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  14. Angela commented
    February 17th, 2009 at 2:15pm

    While I agree credit should always be given where due, regarding the Stig Lindberg design, I suppose it could be “inspired by Lindberg” but definitely NOT a Stig Lindberg design. The example is different enough, IMO.

    Angelas last blog post: Sweet Pearl Earrings

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  15. Cameron commented
    February 17th, 2009 at 2:33pm

    I think that John has a point–when a design, vintage or otherwise, can be easily traced back to its designer, it’s a good idea to give credit. On the other hand, many vintage artists toiled in obscurity in their own time, so giving credit is all but impossible.

    Funny, I was just thinking about this issue this weekend, as I was working on a felt project inspired by (or, you could argue, ripped off from) my favorite vintage textile (blogged here: http://cottage-industrialist.com/blog/2009/2/16/i-felt-like-nasturtiums.html).

    Camerons last blog post: I Felt Like Nasturtiums

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  16. John commented
    February 17th, 2009 at 2:39pm

    In my opinion there should be integrity in design. Being inspired by something (to me) doesn’t mean changing a design just enough to get away with it. It is actually to capture the feeling of the original design without it looking anything like the original. A lot 40’s/50’s/60’s industrial designers found inspiration from fine art you can see lots of connections but not many pure or close copies.Stig Lindberg is a giant in the design world and deserves “in my opinion” full credit for his designs. To me the question here would be did the designer cross a line and can you associate this design directly with Stig Lindberg? In my opinion the answer would be yes.

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  17. decor8 commented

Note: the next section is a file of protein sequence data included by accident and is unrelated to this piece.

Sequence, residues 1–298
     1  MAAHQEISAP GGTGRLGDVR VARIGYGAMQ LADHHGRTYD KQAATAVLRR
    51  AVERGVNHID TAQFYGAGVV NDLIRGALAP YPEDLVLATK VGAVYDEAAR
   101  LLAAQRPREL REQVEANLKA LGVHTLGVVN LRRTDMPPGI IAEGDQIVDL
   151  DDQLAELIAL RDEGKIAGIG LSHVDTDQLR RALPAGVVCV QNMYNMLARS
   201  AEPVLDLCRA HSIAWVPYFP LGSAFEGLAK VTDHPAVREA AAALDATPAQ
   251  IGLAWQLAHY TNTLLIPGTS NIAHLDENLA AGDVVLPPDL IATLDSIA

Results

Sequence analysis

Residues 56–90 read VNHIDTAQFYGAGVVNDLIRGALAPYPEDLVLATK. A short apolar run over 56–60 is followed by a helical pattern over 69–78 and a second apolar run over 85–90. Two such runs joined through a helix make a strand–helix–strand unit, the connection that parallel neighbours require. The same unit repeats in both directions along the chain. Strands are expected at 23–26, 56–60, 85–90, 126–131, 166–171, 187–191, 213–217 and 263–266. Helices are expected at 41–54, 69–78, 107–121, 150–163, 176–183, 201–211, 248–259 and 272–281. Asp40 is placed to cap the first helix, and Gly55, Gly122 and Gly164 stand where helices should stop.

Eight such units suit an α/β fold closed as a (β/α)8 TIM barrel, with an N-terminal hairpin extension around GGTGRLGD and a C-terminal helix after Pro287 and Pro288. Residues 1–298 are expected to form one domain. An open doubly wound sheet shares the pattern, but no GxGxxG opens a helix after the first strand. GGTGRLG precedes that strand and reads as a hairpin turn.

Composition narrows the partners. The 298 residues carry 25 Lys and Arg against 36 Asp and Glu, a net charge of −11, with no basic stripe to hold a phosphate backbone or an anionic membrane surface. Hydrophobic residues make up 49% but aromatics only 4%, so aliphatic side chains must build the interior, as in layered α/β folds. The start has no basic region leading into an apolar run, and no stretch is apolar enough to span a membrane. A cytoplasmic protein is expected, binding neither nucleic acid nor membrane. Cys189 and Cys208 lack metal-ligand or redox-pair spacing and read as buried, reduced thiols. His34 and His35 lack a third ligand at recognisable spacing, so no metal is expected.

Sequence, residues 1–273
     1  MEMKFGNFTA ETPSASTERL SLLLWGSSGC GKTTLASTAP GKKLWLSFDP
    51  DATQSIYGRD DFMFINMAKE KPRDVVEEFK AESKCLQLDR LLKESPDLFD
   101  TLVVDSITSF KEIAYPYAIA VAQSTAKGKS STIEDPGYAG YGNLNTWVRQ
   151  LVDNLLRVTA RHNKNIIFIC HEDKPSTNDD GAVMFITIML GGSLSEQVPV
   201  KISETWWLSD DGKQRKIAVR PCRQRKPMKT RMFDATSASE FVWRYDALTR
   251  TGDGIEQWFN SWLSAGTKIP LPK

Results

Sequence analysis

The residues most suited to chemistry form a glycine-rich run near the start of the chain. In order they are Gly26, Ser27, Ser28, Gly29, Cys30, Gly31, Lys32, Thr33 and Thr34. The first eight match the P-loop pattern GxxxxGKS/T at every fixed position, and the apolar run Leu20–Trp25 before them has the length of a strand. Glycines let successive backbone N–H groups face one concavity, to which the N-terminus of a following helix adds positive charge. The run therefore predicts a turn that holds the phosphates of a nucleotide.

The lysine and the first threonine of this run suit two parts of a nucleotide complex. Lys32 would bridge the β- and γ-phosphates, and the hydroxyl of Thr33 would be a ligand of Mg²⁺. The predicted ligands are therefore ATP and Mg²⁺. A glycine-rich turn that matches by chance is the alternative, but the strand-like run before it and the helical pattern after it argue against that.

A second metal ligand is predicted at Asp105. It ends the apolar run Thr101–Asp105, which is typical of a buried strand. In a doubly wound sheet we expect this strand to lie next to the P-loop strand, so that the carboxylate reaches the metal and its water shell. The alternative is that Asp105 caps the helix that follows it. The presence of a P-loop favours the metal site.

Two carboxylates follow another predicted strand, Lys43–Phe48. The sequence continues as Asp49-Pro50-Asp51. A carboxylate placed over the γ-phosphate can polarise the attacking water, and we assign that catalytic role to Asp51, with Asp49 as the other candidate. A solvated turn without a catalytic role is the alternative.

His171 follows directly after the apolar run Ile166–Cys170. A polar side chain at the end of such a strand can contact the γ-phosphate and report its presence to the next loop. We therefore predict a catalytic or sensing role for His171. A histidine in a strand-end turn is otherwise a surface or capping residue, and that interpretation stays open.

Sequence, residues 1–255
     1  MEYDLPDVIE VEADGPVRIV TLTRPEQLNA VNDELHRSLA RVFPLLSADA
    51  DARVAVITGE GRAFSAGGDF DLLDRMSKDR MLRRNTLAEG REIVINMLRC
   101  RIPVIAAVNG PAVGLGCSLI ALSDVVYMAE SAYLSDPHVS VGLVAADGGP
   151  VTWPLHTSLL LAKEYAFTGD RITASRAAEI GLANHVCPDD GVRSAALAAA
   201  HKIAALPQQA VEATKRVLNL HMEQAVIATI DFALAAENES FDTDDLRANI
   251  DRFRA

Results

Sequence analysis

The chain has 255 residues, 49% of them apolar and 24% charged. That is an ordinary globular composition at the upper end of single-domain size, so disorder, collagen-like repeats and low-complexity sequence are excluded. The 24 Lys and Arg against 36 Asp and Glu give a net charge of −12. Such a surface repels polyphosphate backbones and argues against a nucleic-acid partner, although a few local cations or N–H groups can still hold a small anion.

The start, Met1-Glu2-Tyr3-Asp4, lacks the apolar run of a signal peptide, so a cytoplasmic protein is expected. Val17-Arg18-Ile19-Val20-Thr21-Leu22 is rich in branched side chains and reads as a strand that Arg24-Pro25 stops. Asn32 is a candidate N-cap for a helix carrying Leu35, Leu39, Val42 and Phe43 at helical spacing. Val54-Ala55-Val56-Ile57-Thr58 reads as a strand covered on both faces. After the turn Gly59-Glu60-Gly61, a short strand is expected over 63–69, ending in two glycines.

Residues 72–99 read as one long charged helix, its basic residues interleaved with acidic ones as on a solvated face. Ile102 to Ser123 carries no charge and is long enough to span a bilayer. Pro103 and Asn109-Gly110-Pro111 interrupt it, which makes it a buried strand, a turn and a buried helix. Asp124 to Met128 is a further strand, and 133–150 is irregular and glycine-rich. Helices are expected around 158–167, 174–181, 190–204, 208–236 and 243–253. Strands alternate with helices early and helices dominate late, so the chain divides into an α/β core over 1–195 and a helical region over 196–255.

February 17th, 2009 at 2:43pm

    John thank you for your comment. Just a side point: have you thought to write to the designers themselves who offend you? It’s good to talk to that person and express your concerns and ask questions.

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  18. Chloe Cumbow commented
    February 18th, 2009 at 10:39am

    might be hard for John to do that because there are so many of them. I appreciated John’s passion for the subject. Chloe C.

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  19. Ms Unreliable commented
    February 18th, 2009 at 1:02pm

    Oooh very interesting topic! I think one thing that’s easy to miss is the fact that although a designer may very well have credited their inspirations at some point or another, that’s not to say every blogger who covers their work will make a note of it. I’ve come across some very obvious “inspired” works on blogs, but going to the source of the work often reveals that inspiration is actually acknowledged.

    There are obviously people out there who won’t do the right thing (as you have already discovered Holly!), but I think one of the best elements of the design blogging community is that there are so many savvy readers and bloggers alike who won’t sit back and let someone take credit for work that clearly isn’t their own.

    Ms Unreliables last blog post: It’s the Little Things…

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  20. Chloe C. commented
    February 18th, 2009 at 8:19pm

    on the other hand, John’s example is a perfect example of universal docorative design – could be African, Eastern European, Moari, etc.etc…
    Do take a look at Ewa’s (#6) site, thank you Ewa! Chloe C.

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  21. John commented
    February 18th, 2009 at 10:42pm
  22. virginia commented
    February 19th, 2009 at 4:34am

    This has created quite a stir. Yes, like so many designers my work is influenced by the wonderful designs that I grew up with in the ’60s and ’70s, a lot of design these days is a recycling process and thats no bad thing. That particular design was inspired by a tiny unmarked ashtray that I picked up in a flea market. I had no idea that it was by the great Stig Lindberg, which shows the gaps in my design education. I’m so sorry to have caused John so much anguish, I hope he will forgive me.

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  23. decor8 commented
    February 19th, 2009 at 11:10am

    Virginia – Thank you so much for your comment, it’s great to hear your side of the story. :) I remain a big fan, your work is really great and I hope it will make its way to the U.S. sometime very soon.

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  24. virginia commented
    February 19th, 2009 at 3:05pm

    Thank you Holly, love your blog!. We are hoping to sell in the US sometime soon, in the meantime its all available from our website and we are very happy to ship. Virginia

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  25. Vintage Stockholm commented
    February 20th, 2009 at 4:01am

    Thanks for using my Ebay shop page to show the lovely Stig L. item.
    Those bags look great!!!